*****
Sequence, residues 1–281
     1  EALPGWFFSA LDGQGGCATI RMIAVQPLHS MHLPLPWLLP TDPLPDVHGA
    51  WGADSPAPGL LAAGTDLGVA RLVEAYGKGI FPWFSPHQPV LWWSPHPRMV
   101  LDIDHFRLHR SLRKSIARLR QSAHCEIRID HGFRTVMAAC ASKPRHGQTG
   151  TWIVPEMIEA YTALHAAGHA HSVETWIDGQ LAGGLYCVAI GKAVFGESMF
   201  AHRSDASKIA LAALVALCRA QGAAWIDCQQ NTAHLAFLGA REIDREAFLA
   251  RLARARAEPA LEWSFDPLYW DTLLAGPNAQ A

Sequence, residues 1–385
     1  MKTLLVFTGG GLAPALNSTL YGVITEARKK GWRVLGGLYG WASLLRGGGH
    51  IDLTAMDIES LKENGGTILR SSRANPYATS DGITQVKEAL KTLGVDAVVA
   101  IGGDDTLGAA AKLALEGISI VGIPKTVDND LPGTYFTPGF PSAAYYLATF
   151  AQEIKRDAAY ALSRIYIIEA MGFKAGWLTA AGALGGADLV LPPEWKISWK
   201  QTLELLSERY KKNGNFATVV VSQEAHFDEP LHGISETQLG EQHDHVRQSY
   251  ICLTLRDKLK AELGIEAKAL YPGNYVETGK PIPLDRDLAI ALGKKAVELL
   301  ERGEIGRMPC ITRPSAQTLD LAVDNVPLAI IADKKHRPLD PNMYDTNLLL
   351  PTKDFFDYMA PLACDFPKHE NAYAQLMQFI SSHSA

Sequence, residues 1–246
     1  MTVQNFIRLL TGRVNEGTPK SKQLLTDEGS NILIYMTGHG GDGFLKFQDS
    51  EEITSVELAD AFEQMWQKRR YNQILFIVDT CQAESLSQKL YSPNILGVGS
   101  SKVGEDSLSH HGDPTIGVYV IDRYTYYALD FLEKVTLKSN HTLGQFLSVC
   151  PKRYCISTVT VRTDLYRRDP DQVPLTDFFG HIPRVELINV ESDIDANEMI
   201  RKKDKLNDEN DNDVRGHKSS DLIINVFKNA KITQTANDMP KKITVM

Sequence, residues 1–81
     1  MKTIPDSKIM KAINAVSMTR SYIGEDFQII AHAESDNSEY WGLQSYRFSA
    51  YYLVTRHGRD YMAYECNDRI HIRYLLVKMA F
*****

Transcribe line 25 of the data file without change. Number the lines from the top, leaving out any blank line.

    51  YYLVTRHGRD YMAYECNDRI HIRYLLVKMA F